Meanwhile, none of us could understand why the couple was taking so long to return, though in sharp contrast to my father's agitation, my mother remained calm as she stared into space and giggled quietly to herself. Anyone who knows my mother will understand that she is not given to giggling, least of all for no reason, so I could not shake off my sense of disquiet - although the only response I could get out of her myself was an injunction to "Look at the beautiful mountains..." Although it would be some years before we, the children, understood what had actually happened that day, that sentence has become a catchphrase in my family to indicate that things are not quite as they seem or to suggest that remaining calm is of the essence in a particular situation!

On a more recent work trip, I had gone shopping with some colleagues who were attending a conference in Kathmandu, when we had another of those slightly bizarre experiences that tend to happen only in Nepal. In one bookstore, a Sri Lankan colleague came across a number of very nice looking colouring books. She was just preparing to buy some of them for her nieces and nephews, when she was horrified to discover that they were in fact "Kama Sutra" colouring books, and obviously not at all suitable for the purpose she had intended!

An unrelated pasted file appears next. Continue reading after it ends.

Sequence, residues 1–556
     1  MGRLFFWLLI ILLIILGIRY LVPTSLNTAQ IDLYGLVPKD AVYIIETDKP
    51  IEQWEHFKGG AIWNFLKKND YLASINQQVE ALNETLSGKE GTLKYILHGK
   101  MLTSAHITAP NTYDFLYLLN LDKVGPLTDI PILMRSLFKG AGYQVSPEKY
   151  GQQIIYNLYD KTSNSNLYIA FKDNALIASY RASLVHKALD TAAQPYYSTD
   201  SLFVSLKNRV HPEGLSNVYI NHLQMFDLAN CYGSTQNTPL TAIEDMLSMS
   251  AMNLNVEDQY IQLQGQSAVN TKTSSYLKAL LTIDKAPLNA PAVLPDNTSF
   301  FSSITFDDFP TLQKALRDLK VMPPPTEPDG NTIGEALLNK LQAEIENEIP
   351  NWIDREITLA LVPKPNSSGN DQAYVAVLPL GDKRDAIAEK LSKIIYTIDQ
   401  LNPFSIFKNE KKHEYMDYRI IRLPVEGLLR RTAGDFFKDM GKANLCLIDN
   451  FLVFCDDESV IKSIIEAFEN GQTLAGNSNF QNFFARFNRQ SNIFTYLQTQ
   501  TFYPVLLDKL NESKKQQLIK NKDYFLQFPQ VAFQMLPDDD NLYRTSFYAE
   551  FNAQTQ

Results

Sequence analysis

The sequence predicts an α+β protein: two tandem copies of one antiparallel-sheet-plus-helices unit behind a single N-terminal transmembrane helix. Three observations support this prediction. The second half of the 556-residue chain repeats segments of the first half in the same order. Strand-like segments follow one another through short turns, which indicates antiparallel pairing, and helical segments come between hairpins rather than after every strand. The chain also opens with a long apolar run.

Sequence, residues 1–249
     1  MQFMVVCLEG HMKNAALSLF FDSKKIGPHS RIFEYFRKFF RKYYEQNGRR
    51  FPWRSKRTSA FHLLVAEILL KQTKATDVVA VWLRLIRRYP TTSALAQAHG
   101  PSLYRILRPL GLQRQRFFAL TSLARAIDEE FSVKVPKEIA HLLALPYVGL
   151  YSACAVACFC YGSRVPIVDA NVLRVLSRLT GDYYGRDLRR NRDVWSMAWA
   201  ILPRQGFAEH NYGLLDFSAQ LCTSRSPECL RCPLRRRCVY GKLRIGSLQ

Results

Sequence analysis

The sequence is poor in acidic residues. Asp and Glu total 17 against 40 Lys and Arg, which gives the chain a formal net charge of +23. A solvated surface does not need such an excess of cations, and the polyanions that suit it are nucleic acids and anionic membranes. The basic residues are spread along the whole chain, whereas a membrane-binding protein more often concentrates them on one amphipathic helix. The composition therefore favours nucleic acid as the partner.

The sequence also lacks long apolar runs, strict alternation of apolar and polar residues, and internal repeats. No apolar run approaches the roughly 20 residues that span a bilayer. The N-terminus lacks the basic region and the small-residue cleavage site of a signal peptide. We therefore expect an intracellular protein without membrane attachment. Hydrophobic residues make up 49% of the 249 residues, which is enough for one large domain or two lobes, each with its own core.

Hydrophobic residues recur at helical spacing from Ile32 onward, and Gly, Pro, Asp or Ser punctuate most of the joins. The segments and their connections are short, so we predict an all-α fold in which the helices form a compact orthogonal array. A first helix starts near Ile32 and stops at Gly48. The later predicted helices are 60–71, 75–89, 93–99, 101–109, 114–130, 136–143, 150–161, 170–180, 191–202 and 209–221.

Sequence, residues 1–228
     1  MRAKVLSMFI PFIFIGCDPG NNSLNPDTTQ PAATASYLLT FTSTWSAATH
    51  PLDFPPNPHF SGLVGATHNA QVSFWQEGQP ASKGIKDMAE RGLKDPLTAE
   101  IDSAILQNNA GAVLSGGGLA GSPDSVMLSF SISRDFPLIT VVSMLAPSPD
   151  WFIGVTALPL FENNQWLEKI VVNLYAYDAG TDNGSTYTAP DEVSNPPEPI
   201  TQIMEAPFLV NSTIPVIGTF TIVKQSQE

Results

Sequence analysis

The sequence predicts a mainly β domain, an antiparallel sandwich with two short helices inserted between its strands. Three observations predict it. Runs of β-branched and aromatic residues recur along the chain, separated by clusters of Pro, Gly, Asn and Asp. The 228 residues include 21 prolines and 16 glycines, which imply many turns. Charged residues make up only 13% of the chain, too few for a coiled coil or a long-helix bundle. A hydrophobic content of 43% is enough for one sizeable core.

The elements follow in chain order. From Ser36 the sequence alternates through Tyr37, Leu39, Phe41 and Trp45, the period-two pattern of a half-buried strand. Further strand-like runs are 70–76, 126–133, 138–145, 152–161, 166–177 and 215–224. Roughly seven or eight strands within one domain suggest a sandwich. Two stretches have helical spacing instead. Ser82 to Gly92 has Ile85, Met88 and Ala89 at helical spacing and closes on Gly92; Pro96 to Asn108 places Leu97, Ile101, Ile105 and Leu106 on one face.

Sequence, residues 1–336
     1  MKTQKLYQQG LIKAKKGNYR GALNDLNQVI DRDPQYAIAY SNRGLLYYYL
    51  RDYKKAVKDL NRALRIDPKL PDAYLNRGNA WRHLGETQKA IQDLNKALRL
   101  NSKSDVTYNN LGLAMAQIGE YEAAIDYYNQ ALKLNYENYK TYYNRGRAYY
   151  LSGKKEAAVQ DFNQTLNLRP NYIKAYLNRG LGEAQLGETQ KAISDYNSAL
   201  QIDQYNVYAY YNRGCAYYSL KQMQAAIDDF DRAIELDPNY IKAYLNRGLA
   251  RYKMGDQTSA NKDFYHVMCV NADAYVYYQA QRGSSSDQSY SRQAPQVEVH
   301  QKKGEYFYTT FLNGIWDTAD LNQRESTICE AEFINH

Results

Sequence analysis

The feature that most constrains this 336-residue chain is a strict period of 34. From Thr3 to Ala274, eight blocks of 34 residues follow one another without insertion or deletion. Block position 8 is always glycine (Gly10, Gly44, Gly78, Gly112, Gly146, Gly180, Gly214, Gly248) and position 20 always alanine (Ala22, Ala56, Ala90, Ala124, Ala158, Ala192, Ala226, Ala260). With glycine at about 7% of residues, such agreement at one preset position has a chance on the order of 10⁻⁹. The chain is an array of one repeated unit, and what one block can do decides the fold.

Not that unusual behaviour is the exclusive privilege of visitors to Nepal. On a recent trip to see my friends Lisa and Nigel, who have been based there for the last couple of years, it was brought home to me that the denizens of Kathmandu can exhibit the occasional bout of bizarre behaviour with the same degree of ease that short-term visitors have been known to demonstrate! This revelation came courtesy of Nigel, when I was attempting to buy the two of them lunch at a lovely little French restaurant in return for their warm hospitality that had included a sumptuous buffet dinner the previous night at the Summit Hotel (when Lisa was consistently mesmerised by an expatriate woman carrying around a gigantic stuffed lizard, which I denied the existence of, gaining considerable enjoyment out of pretending that it was simply a hallucination on her part, brought about by over-consumption of the aforementioned "magic mushrooms"... needless to say, the accusation was completely unjustified!)

Anyway, it was as I was refusing to let them pay for the meal, that Nigel suddenly took a number of currency notes out of his wallet and started stuffing them into his mouth, and saying "Fine, if you won't let me pay, I'll just EAT the money!" I watched dumbfounded, even as Lisa shrieked "Please, please, take the money! He's going to swallow it otherwise, I swear! We've lost tons of money this way - last time he ate a $50 bill!"

Given the abruptness of this move, the genuine panic on Lisa's face and my desire to get the dirty notes out of his mouth as soon as possible, I gave in. But it just goes to show, that you might think that you know your friends, but every now and again, you have to wonder...

Photos by Amirul Rajiv